During the first six months of 2017, over 1.7 million tourists entered Israel, up 26% from the first half of last year, according to the country's Central Bureau of Statistics.
Hotel occupancy has benefited from this rise, reaching 73.4% in Tel Aviv for the first half of the year (vs. 68.9% in the first half of 2016) and 64.8% in Jerusalem for the same period (vs. 50.7% in 2016). Set to greet this influx are a trio of new and upcoming hotels.
• New to the Tel Aviv skyline, the Vera will open its doors in November. This urban boutique hotel will open adjacent to Bauhaus Rothschild Boulevard.
Inside guests will find 39 rooms in four categories — classic, deluxe, superior and garden room — as well as a spa treatment room and two rooftop terraces.
For its in-room magazine, the hotel is collaborating with local lifestyle magazine Telavivian to provide advice to guests who want to see the city like a local.
The hotel lobby will have a vending machine that dispenses cocktails created by local mixologists, who will also operate the hotel's bar, offering made-to-order beverages and small bites.
The lobby of the Villa Brown Jerusalem. The walls of exposed stone are over 100 years old. Photo Credit: Assaf Pinchuk
• In Jerusalem, the Villa Brown Jerusalem is officially open. The newest addition to the Brown Hotels group, this 24-room boutique hotel is built within a restored private residence from the Ottoman era.
A five-minute walk to the Old City, the Villa Brown Jerusalem is equal parts opulent and modern. According to a statement from the hotelier, the aesthetic is East meets West, merging neoclassical, Ottoman and eclectic design styles with bold, regal colors like red, emerald and mauve.
The building was once a private villa belonging to a famed doctor and general manager of Jerusalem's Rothschild Hospital.
The original walls of exposed stone date back more than 100 years. Hotel features include a lobby, outdoor spaces, restaurant, underground bar, bedrooms and suites. A complete restoration of the building saw the addition of two extra floors, as well.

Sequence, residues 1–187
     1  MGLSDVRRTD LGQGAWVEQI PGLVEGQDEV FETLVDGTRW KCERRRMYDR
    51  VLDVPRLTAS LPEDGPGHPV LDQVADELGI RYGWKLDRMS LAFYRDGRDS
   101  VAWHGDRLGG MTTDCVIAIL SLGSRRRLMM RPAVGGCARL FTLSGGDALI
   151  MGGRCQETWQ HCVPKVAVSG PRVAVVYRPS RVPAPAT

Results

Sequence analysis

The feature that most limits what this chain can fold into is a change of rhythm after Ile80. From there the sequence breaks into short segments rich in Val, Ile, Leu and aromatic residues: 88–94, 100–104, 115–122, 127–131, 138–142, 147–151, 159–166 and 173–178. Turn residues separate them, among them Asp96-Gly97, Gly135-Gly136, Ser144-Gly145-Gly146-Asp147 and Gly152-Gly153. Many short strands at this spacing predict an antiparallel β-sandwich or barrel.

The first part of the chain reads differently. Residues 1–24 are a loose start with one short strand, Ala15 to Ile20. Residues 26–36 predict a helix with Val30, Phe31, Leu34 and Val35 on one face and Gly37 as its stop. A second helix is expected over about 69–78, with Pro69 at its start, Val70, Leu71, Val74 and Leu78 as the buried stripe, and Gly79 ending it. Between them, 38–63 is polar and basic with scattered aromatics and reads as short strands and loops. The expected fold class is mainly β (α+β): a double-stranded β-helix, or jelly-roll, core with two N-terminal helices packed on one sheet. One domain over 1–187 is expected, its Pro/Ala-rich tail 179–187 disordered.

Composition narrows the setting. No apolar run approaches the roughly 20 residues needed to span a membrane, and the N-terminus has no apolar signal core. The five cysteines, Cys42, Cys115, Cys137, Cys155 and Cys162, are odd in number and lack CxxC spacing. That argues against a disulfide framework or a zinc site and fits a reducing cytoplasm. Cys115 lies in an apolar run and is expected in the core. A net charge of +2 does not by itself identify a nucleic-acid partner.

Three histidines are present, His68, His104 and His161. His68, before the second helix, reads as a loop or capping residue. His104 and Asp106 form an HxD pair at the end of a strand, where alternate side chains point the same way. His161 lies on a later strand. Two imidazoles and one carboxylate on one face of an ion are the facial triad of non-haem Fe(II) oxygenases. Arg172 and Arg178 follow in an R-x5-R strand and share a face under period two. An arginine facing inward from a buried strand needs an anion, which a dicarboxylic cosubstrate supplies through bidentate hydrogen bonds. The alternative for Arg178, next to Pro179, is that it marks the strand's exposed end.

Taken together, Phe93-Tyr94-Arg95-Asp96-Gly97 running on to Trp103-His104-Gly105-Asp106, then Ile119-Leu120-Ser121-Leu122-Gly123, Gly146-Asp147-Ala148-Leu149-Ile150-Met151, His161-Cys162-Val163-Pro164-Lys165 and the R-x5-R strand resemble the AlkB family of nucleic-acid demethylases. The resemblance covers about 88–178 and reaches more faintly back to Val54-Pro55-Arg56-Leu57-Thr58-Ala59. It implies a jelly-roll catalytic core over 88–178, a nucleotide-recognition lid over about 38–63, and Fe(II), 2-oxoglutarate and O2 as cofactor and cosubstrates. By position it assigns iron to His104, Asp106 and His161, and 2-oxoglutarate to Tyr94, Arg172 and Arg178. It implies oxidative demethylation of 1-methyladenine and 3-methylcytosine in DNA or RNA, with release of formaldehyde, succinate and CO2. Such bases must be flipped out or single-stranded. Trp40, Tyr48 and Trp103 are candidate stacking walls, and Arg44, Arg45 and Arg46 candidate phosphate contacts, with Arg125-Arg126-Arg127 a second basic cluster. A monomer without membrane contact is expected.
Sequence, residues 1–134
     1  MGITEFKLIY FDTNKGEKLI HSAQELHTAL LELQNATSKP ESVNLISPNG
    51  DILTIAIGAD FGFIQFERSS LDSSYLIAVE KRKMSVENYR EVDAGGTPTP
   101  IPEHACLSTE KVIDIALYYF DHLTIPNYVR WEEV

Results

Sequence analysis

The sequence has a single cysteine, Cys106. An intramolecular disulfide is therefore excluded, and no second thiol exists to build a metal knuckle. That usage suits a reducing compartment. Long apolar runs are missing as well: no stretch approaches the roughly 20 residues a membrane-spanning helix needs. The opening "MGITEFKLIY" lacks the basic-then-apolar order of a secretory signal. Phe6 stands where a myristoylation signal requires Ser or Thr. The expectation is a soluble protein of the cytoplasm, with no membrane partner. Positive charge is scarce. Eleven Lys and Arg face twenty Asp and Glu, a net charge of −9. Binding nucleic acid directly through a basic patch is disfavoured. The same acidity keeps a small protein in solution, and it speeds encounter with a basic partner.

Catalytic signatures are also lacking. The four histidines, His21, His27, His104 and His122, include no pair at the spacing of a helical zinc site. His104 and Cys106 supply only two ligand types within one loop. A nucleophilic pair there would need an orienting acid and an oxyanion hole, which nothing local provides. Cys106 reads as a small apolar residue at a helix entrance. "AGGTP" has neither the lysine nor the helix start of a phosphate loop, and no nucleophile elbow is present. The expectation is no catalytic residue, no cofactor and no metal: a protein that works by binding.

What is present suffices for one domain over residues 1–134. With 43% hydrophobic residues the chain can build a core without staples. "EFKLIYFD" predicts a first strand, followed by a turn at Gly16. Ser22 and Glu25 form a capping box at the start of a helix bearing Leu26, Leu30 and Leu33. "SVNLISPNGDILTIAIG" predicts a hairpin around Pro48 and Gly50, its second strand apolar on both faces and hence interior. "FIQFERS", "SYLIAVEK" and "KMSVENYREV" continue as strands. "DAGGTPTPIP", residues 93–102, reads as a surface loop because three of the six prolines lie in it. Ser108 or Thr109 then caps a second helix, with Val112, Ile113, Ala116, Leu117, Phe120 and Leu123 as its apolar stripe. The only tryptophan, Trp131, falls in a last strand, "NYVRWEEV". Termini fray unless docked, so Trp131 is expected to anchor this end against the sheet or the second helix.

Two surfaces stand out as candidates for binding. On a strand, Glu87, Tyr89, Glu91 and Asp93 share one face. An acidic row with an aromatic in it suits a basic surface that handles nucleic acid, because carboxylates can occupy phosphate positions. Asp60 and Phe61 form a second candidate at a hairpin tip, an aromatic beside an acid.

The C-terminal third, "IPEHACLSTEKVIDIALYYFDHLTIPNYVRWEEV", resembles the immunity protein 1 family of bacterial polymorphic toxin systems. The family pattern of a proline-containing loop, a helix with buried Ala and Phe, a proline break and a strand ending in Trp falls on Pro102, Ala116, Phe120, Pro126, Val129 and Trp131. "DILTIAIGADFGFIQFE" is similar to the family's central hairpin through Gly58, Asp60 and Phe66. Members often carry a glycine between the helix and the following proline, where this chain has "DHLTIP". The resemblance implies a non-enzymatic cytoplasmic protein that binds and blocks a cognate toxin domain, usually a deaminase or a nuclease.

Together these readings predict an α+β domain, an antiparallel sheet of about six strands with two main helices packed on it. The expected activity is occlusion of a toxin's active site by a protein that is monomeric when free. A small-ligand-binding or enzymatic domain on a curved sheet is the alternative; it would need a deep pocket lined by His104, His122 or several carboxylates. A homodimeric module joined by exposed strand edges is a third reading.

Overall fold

Amenities include a Garden Bistro-Cafe; daily breakfast; high tea; subterranean Cave Bar, located in the one-time cistern from the private residence; rooftop spa and open-air Jacuzzi; rooftop terrace lounge overlooking the city; and a lobby library.
A guestroom in one of the restored buildings of the Orient Jerusalem, a 243-room property on a site that once belonged to the German Templar Society.
• Also in Jerusalem, another luxury hotel hit the scene this year. Situated on a site that was once held by the German Templar Society in the late 19th and early 20th centuries, the Orient Jerusalem sits in West Jerusalem's German Colony, 20 minutes from the Old City and closely located to HaTachana, the city's historical train station, which is situated in what now is a lively district of boutiques, cafes, restaurants and galleries.
A massive renovation and restoration has resulted in a lobby with tapestry-lined ceilings and a glass pavilion that faces the courtyard.
As a tribute to the Templars, a small interactive museum on site enables guests to connect with the neighborhood's heritage. The museum features a selection of artifacts from the Templar era. A collection of contemporary art is on display throughout the property.
A spa and wellness center offers Turkish hammam and Eastern-style treatments, including ayurveda and shiatsu therapies. The facility has two pools, including a rooftop infinity pool overlooking the Old City and surrounded by private cabanas.
The property comprises 243 rooms in a newly constructed central building and two preserved Templar buildings from the 1880s.
Additional amenities include lobby restaurant Khan, which serves gourmet kosher offerings. There is also a variety of venue and meetings rooms, including a large conference and banquet hall that accommodates up to 900 people.